“I can only speak for myself. My work tends to be quiet and subtle, and with all the options that people are faced with, it can be hard for those kinds of films to stand out. So my personal challenge is finding ways to make my work appear to be ‘noisy’ without compromising the human emotion and more realistic tone that I naturally gravitate towards.”– Michael Mohan (“Pink Grapefruit”)
“Misogyny and racism. As a cis white man, I’ve had access to lots of conversations that paint a grim picture. I think it’s way easier to be a white gay dude in this industry than it is to be a woman of any color. Prejudice and macho culture are not conducive to creative exploration. And when the rules of the game aren’t fair, playing is no fun for anyone.” – Jeremy Hersh (“Actresses”)
“It’s never been easier to make movies. With a cell phone and laptop, we could be in cinemas or go viral. But it’s never been harder to make people pay attention.”– Morgan Neville/Robert Gordon (“Best of Enemies”)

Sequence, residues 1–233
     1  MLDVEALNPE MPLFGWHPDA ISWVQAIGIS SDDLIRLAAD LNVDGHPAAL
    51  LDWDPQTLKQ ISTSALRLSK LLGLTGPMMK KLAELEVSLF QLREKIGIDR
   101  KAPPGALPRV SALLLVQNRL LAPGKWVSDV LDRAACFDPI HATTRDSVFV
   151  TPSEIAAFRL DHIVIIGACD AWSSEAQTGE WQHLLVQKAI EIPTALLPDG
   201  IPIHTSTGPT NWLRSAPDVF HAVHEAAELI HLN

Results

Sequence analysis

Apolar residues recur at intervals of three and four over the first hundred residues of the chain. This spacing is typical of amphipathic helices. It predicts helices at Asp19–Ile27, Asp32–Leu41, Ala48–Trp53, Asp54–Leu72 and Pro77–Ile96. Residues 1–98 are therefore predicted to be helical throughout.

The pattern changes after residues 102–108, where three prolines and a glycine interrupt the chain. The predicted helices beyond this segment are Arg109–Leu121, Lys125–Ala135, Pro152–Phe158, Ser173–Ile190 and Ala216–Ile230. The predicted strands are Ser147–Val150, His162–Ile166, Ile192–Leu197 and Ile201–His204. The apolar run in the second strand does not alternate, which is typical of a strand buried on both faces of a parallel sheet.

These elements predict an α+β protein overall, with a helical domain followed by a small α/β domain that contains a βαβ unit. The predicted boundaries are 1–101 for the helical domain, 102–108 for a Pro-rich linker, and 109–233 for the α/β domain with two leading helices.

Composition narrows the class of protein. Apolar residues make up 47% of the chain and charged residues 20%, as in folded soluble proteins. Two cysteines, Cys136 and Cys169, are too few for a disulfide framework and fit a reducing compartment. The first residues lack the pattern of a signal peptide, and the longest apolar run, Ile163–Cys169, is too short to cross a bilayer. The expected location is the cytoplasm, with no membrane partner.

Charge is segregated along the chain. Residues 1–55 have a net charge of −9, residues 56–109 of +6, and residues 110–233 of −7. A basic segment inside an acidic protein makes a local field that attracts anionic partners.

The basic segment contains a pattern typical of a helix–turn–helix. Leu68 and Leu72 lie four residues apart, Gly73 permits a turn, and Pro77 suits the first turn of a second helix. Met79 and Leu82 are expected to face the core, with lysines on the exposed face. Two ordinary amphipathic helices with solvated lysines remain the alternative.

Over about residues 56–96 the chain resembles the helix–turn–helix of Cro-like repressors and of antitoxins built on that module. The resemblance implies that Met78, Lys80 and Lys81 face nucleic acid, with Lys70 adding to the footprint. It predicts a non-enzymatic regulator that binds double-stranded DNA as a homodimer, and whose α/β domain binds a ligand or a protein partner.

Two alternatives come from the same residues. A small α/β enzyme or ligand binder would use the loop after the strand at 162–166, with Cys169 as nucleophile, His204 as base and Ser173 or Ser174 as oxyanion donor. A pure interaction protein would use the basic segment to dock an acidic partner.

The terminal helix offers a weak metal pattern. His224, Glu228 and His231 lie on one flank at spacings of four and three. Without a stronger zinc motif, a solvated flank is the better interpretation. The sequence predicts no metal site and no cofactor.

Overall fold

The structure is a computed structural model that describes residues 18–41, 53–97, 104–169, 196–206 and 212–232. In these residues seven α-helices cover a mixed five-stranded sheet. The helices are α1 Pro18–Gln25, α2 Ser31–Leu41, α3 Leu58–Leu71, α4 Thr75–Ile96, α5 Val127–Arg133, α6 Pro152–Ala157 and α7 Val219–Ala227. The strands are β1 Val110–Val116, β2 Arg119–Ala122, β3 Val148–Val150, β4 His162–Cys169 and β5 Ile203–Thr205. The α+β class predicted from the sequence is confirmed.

“Making a living. Budgets have plummeted and filmmaking has moved from career to hobby. It’s a sad state of affairs.”– Sean Baker (“Tangerine”)
For previous “Filmmaker Surveys,” check out this one we did on the issue of censorship, this story on whether theatrical distribution is essential and this one we did on whether film school is necessary. Indiewire is striving to spur discussion in the indie film community about a variety of timely issues. If you’ve got a topic you’d like us to feature, please let us know in the comments section below.